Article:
Tourism Harrison Newsletter

The Beer is Here!

The Beer is Here!




For 60 years, hops, a basic ingredient in beer, were the main industry in the Agassiz Area of British Columbia. At the height of the business, 300 acres of a total holding of 450 acres were planted with hops. The first hop yards, planted in 1892, belonged to the B.C. Hop Company.

Hops were harvested from August to early October every year and during that time Agassiz prospered. With the arrival of a thousand pickers, the town's normal population swelled to 15 hundred and business flourished.

Many town merchants increased their sales by setting up small stalls beside the hop yards to serve the pickers. Reliable men with teams of horses were hired to plow and cultivate the hop fields. In the early days pickers came exclusively from First Nation families but later the work force included locals and Chinese immigrants who had come to Canada to work on the CPR line. Many plants were destroyed by downy mildew around 1935 and as it began to spread, pesticides were used but the sprays proved to be expensive and ineffective. Still, from 1939 to 1945 the hop industry boomed in Agassiz. The Famous Fraser River flood of 1948 annihilated the hop fields, the industry rapidly declined and in 1952 the hop yards moved to the Creston Valley. The fertile soil that had for 60 years nourished a bounty of hops, was planted with corn and hay as dairy farms began to prosper in the Agassiz area.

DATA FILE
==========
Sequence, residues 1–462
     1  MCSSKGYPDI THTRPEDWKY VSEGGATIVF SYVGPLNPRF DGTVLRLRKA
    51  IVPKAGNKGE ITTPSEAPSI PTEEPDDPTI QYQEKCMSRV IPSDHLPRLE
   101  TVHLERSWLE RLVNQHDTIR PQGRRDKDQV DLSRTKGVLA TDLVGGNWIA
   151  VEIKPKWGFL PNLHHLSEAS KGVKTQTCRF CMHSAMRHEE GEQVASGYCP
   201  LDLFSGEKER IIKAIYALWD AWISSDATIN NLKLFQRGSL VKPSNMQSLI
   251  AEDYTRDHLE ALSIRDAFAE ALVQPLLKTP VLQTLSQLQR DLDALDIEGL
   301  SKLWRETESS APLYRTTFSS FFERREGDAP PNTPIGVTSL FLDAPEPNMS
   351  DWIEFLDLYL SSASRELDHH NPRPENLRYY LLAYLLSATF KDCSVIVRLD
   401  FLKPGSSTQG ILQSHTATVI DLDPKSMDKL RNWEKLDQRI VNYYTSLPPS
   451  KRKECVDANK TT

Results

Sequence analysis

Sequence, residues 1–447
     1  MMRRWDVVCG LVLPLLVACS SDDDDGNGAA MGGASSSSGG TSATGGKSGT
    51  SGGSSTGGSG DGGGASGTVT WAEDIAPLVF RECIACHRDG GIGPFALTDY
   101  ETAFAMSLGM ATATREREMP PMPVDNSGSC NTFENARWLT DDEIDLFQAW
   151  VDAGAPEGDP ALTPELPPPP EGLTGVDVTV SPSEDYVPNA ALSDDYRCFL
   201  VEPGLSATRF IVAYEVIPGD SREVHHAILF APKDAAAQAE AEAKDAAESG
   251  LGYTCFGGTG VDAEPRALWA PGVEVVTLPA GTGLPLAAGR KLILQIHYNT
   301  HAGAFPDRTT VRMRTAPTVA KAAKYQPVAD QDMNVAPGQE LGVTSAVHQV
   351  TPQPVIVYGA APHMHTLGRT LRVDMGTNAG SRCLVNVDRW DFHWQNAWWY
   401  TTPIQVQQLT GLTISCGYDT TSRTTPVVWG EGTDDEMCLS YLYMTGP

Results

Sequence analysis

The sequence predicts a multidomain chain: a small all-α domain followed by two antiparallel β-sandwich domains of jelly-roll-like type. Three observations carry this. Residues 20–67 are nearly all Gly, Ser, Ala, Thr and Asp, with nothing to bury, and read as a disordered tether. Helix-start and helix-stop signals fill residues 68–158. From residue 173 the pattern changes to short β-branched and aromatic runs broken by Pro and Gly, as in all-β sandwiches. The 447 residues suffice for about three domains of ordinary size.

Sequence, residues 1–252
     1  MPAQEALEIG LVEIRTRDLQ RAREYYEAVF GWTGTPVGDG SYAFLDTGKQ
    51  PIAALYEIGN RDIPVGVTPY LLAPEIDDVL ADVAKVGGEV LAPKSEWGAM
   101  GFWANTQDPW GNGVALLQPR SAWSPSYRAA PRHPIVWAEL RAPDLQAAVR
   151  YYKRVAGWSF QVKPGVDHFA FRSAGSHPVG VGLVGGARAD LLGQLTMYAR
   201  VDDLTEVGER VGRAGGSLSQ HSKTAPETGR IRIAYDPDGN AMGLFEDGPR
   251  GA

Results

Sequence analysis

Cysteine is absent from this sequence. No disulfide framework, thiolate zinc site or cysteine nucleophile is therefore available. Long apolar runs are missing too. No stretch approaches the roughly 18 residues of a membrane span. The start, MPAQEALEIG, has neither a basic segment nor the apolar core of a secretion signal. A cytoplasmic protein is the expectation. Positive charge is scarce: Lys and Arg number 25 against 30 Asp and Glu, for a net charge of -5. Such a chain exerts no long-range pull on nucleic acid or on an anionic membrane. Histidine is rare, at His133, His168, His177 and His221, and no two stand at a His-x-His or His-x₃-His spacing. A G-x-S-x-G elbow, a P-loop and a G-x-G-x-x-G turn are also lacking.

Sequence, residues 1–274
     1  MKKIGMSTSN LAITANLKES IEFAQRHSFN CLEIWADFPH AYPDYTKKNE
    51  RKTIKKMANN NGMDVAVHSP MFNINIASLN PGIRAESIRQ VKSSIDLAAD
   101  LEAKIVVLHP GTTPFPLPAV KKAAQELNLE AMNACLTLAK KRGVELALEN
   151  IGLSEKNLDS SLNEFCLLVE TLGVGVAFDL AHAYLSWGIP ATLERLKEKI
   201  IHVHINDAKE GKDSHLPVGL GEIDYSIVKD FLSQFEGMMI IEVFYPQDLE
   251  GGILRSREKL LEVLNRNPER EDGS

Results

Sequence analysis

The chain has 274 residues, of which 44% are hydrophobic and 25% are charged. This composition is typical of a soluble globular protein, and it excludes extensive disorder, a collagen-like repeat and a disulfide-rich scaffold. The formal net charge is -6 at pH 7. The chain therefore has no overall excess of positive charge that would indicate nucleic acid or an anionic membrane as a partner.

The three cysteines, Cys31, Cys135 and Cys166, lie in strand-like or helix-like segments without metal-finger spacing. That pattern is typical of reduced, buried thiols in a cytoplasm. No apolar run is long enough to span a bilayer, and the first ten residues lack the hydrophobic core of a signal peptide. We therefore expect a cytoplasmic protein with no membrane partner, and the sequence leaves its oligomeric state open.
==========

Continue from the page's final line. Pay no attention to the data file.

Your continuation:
This October, Harrison Hot Springs will present the first of what we hope will be an annual event, The Harrison Beer Fest. Get your tickets early and join us on October 26th and 27th for what already promises to be this years hottest hop happening!!

2nd Annual Bands on the Beach

2nd Annual Bands on the Beach





Well known and loved names, beautiful beach venue, soaking up the sun, the last weekend of the summer season, amazing music, no tickets-no charge, welcome to Harrison Hot Springs Bands on the Beach.

Reserve your hotel, motel, B&B, campsite now! Two full days that are sure to keep your feet tapping, your hands clapping and heart light. This year headliner Todd Richard will be joined by Kenny Hess and grow this great event from one day to days. Other great names include:

Brent Lee  - the real deal. One of the best singer/songwriters around. One of the last great country guys around. Canada`s best ..."

Ken McCoy & the Snake Oil Band - "Ken has over 20 chart hitting singles released to radio to date, countless nominations and awards including SOCAN songwriter of the years and single of the year for Prayin for Rain.

Trevor Murray - Trevor Murray's baritone vocals and catchy songs set him apart. His positive outlook on life make him an instant favourite in the Canadian country community. Trevor Murray's the kind of artist who makes you want to dance, sing and forget about your troubles for awhile.

Robyn & Ryleigh - "Robyn and Ryleigh Gillespie are part of the wave of young, new country performers rising up from the West Coast of Canada. Like many of their contemporaries, they've taken modern, youthful pop influences and blended them with traditional country elements of acoustic instruments, meaningful lyrics and sibling harmonies."

Alisa Rose & the Show, Vacationers, Chris Buck Band, & Mathew Cheverie round out the festival!

On top of the great music, the Labour day weekend also sees a great craft fair taking place at Memorial Hall, so while the music is on a break do some shopping!

Green Point Picnic Ground